Books Should Be Free
Loyal Books
Free Public Domain Audiobooks & eBook Downloads
Search by: Title, Author or Keyword

The International Monthly, Volume 5, No. 4, April, 1852   By:

Book cover

First Page:


Of Literature, Art, and Science.

Vol. V. NEW YORK, APRIL 1, 1852. No. IV.



A steadily growing reputation for almost twenty years, justified by the gradually increasing evidence of those latent, exhaustless, ever unfolding energies which belong to genius, has inwoven the name of Simms with the literature of America, and made it part of the heirloom which our age will give to posterity. Asking and desiring nothing to which he could not prove himself justly entitled, he has wrested a reputation from difficulty and obstacle, and conquered an honorable acknowledgment from opposition and indifference. Even if we had not proofs of genius in the treasury of thought and imagination constituted by his writings, still the nobility of the example of energy, perseverance, and high toned hopefulness, which he has given, would deserve a grateful homage.

William Gilmore Simms is the second, and only surviving, of three brothers, sons of William Gilmore Simms, and Harriet Ann Augusta Singleton. His father was of a Scotch Irish family, and his mother of a Virginia stock, her grandparents having removed to South Carolina long before the Revolution, in which they took an active part on the Whig side. He was born on the 17th of April, 1806. His mother died when he was an infant. His father, failing in business as a merchant, removed first to Tennessee, and then to Mississippi. While in Tennessee he volunteered and held a commission in the army of Jackson (in Coffee's brigade of mounted men), which scourged the Creeks and Seminoles after the massacre of Fort Mims. Our author, left to the care of a grandmother, remained in Charleston, where he received an education which circumstances rendered exceedingly limited. He was denied a classical training, but such characters stand little in need of the ordinary aids of the schoolmaster, and, with indomitable application, he has not only stored his mind with the richest literature, but has received an unsolicited tribute to his diligence and acquisitions, in the degree of Doctor of Laws, conferred upon him by the respectable University of Alabama.

At first it was designed that he should study medicine, but his inclination led him to the law. He was admitted to the bar of South Carolina when twenty one, practised for a brief period, and became part proprietor of a daily newspaper, which, taking ground against nullification, ruined him swallowing up a small maternal property, and involving him in a heavy debt which hung upon and embarrassed him for a long time after. In 1832, he first visited the North, where he published Atalantis. Martin Faber followed in 1834, and periodically the long catalogue of his subsequent performances.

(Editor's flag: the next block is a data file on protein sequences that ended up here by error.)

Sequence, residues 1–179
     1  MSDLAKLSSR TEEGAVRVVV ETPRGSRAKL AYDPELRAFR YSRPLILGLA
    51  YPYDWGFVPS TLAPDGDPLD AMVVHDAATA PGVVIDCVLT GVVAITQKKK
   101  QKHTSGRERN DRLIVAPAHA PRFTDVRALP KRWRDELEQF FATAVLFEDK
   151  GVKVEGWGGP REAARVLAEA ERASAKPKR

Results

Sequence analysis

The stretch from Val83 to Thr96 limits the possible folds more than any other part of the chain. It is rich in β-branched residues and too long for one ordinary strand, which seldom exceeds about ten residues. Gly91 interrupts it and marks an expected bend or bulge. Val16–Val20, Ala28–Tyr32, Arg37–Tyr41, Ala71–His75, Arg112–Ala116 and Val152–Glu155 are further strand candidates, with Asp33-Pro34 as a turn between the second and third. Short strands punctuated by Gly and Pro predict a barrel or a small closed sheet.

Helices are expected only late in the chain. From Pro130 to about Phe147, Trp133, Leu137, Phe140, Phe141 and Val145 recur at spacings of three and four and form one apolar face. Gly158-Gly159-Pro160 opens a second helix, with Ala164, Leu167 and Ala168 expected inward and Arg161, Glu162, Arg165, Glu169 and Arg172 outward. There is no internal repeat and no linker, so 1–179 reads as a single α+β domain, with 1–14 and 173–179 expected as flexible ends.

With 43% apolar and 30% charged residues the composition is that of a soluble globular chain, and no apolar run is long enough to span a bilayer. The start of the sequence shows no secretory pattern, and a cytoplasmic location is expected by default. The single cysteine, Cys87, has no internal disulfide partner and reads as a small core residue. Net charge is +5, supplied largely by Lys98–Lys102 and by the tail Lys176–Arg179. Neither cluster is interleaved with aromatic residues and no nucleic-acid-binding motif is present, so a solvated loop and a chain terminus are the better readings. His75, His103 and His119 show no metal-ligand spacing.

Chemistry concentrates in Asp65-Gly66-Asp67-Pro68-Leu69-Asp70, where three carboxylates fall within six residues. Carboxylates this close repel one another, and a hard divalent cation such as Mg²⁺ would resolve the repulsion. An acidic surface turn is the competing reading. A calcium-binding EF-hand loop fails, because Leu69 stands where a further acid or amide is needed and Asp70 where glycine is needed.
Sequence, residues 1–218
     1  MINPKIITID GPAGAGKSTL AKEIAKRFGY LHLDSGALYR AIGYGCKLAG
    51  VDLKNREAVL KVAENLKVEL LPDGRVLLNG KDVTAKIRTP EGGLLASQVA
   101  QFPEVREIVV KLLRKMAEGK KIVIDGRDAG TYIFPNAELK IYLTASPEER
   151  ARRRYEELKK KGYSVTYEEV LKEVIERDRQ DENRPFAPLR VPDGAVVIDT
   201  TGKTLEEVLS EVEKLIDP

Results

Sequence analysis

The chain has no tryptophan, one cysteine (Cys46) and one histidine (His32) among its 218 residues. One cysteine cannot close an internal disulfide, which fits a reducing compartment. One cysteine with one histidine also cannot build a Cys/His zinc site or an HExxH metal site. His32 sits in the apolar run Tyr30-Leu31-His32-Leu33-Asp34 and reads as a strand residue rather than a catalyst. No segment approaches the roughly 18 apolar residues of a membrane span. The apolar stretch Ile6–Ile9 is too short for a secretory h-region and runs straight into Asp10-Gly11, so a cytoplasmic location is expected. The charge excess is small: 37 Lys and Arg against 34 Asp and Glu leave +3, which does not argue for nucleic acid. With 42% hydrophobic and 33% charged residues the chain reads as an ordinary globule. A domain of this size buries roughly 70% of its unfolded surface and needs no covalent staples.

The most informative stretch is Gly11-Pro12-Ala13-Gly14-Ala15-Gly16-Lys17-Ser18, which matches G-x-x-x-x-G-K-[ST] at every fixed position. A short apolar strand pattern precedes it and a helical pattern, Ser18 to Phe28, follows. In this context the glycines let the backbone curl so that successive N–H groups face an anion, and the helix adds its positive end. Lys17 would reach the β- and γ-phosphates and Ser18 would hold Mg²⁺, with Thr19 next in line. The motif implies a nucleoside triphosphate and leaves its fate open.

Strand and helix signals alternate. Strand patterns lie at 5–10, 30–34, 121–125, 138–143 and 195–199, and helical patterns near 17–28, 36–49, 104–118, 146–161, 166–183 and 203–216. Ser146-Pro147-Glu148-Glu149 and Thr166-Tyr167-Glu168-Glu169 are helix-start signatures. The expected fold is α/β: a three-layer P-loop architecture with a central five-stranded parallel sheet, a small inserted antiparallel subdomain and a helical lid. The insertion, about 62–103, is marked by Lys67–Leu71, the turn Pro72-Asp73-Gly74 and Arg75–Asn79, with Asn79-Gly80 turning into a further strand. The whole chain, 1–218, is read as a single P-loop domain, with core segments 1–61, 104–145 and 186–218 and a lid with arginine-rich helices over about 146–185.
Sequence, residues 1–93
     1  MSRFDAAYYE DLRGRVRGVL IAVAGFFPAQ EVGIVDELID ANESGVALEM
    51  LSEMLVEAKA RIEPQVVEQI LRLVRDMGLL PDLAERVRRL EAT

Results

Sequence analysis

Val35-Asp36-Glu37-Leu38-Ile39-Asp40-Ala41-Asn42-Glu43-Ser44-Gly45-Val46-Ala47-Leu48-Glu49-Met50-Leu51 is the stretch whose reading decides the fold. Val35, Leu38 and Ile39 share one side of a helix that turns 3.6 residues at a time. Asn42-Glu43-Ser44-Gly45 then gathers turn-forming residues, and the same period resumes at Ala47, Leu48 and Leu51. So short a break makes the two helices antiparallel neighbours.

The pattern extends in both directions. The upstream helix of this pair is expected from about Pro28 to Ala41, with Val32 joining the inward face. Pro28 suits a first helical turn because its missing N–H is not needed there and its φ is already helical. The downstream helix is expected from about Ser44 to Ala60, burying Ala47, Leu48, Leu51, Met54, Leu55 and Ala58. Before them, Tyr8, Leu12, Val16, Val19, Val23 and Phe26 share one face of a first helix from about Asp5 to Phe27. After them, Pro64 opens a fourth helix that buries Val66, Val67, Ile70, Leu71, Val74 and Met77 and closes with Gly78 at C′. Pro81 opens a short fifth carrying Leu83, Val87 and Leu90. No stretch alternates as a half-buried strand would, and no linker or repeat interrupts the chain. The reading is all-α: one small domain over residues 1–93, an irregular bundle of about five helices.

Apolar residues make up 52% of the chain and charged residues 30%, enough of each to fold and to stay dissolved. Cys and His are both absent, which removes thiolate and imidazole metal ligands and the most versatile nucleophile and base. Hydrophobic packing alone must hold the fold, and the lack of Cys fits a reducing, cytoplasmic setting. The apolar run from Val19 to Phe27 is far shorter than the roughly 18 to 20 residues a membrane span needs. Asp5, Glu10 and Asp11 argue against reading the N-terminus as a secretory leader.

There are few writers who have exhibited such versatility of powers, combined with vigor, originality of copious and independent ideas, and that faculty of condensation which frequently by a single pregnant line suggests an expansive train of reflection. As a poet, he unites high imaginative powers with metaphysical thought by which we mean that large discourse of reason which generalizes, and which seizes the universal, and perceives its relations to individual phenomena of nature and psychology. His poems abound in appropriate, felicitous, and original similes. His keen and fresh perception of nature, furnishes him with beautiful pictures, the truthfulness and clearness of which are admirably presented in the lucid language with which they are painted, and, in his expression of deep personal feelings, we find a noble union of sad emotion and manliness of tone. He draws from a full treasury of varied experience, active thought, close observation, just and original reflection, and a spirit which has drank deeply and lovingly from the gushing founts of nature. His inspiration is often kindled by the sunny and luxuriant scenery of the beautiful region to which he was born, and besides the freshness and glow which this imparts to his descriptive poetry, it makes him emphatically the poet of the South... Continue reading book >>

Book sections

eBook Downloads
ePUB eBook
• iBooks for iPhone and iPad
• Nook
• Sony Reader
Kindle eBook
• Mobi file format for Kindle
Read eBook
• Load eBook in browser
Text File eBook
• Computers
• Windows
• Mac

Review this book

Popular Genres
More Genres
Paid Books